Gov. Andrew Cuomo’s 2019 agenda had some joking that he had copied the playbook of Representative-elect Alexandria Ocasio-Cortez.

Cynthia Nixon, his opponent in the September gubernatorial primary, took credit for Cuomo’s support for issues like legalizing adult-use marijuana, which he rolled out alongside calls for funding poorer school districts and making it easier to vote by making Election Day a state holiday (Cuomo’s team has argued for much the year these policies were supported before Nixon announced her primary).

However, if Cuomo’s agenda for next year was a mix of new and mostly previously supported policies, he’s remained consistently consistent on the tax cap.

The 2011 law remains a signature economic achievement for Cuomo dating back to his first term and a key one for his base of suburban voters. Cuomo announced Monday he wants to keep the cap and make it permanent next year.

The measure limits the amount school districts and local governments can raise its property tax levy to 2 percent or the rate of inflation, whichever is lower. In the years the law has been in place, the cap has mostly allowed for limited to flat growth in taxes.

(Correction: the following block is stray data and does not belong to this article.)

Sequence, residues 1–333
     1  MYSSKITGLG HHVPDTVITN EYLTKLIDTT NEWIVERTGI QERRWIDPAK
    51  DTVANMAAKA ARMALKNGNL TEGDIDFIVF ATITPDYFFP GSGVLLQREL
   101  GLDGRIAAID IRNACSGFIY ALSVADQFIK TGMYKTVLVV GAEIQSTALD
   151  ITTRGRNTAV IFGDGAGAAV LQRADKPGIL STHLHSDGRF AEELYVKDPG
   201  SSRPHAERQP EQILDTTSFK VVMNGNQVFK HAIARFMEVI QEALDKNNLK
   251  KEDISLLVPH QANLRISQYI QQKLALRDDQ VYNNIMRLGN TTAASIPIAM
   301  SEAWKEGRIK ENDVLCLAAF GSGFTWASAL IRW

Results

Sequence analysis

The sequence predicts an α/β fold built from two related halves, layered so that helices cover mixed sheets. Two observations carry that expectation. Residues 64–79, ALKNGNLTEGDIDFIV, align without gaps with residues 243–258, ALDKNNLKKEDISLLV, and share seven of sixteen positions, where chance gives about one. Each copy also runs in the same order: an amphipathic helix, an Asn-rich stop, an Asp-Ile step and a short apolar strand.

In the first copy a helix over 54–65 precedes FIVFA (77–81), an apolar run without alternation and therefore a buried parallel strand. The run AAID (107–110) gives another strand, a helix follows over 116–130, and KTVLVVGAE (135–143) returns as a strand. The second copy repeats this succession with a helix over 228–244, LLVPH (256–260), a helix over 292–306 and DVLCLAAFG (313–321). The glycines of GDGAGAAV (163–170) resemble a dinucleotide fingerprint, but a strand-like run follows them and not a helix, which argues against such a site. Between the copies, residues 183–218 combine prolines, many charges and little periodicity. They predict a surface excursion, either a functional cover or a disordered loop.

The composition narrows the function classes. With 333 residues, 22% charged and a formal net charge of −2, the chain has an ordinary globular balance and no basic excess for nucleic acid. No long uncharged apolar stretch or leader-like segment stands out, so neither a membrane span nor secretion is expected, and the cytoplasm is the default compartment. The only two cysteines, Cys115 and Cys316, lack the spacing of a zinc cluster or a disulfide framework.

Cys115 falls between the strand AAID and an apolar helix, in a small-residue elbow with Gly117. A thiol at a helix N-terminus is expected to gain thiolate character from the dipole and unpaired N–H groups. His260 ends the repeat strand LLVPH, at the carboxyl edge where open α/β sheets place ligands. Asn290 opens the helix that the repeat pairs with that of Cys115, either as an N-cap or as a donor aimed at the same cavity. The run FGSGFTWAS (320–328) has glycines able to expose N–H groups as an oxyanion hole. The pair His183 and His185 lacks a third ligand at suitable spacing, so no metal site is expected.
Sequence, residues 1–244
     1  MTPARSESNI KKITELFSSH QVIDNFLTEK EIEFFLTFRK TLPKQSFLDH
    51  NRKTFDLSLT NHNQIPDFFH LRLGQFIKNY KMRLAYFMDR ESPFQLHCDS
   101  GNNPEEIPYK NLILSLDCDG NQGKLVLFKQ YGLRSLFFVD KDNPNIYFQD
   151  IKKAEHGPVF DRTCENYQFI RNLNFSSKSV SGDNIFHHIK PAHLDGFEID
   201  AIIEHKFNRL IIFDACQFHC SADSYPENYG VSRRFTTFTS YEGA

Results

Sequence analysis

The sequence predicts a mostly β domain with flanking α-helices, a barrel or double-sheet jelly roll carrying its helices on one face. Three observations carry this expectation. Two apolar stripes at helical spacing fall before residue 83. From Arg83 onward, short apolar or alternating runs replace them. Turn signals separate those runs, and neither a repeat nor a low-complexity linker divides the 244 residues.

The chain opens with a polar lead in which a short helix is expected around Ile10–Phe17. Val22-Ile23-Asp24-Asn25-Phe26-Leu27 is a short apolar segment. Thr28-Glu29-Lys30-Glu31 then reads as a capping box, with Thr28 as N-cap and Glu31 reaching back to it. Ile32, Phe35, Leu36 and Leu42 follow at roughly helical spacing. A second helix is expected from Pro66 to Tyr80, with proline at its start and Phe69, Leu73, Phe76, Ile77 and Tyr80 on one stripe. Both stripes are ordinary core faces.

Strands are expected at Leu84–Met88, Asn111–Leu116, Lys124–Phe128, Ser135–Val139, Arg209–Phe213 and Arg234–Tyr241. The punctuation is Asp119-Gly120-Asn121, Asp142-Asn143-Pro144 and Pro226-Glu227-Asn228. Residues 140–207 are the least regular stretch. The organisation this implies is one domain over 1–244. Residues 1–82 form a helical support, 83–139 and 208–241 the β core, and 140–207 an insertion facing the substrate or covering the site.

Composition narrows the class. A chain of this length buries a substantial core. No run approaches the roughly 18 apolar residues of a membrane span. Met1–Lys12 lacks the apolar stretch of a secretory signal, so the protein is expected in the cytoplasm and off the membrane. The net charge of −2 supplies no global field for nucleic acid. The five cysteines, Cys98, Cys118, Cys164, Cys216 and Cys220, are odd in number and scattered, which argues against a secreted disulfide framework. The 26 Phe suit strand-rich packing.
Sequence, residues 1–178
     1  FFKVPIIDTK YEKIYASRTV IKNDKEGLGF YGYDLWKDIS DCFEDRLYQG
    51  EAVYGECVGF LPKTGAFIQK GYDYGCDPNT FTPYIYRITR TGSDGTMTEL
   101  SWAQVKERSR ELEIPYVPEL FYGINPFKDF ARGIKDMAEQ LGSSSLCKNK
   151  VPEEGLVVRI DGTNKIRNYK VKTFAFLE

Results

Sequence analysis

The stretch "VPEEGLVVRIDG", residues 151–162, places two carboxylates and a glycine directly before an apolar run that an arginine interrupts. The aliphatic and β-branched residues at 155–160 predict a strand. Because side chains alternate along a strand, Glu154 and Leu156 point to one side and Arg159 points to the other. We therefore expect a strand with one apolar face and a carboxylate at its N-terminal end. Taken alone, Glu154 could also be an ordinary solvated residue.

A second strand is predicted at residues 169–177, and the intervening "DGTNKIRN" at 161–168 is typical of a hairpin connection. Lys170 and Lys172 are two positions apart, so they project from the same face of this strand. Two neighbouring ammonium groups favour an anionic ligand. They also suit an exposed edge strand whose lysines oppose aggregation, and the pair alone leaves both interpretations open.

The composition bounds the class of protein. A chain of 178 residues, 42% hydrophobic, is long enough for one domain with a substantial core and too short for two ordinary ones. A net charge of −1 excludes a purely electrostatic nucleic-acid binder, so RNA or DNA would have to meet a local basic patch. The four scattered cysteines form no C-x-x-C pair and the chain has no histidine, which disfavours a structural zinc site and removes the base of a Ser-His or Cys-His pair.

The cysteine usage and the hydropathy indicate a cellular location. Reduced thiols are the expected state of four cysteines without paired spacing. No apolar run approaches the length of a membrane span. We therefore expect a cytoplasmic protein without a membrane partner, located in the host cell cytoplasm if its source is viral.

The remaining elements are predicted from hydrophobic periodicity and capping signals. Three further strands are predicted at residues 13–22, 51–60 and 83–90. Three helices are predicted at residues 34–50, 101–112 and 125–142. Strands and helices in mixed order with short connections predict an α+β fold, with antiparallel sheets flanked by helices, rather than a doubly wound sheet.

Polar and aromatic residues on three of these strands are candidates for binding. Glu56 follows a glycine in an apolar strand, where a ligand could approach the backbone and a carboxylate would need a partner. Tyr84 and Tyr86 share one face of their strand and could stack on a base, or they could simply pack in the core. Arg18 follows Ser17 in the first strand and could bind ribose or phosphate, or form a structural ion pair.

In the years since the cap’s approval, Cuomo has resisted efforts to make it easier to override or decouple the limit from the rate of inflation.

The call to make the tax cap permanent won plaudits from business groups.

“We wholeheartedly approve Governor Cuomo’s call for a permanent 2 percent property tax cap in 2019,” said Michael Kracker, the executive director of Unshackle Upstate. “Since its enactment, the property tax cap has saved overburdened homeowners more than $8 billion. We encourage the members of the Legislature to join with Governor Cuomo and pass a strong, permanent property tax cap upon their return to Albany.”

Cuomo also signaled he plans to keep higher tax rates on the rich due to expire next year and potentially push for a middle-income tax cut. Like much of what was in the address, more details will be needed.

“As our leaders in Albany consider other measures, it is critically important that they reject any proposal that would add to the tax burden of families and employers,” Kracker said. “New York’s high taxes and high cost of living has held back the state’s true economic potential for too long. If Governor Cuomo and legislators want to see real economic progress, they must take action to lower taxes, cut regulatory red tape and promote job growth, especially in struggling Upstate communities, in 2019.”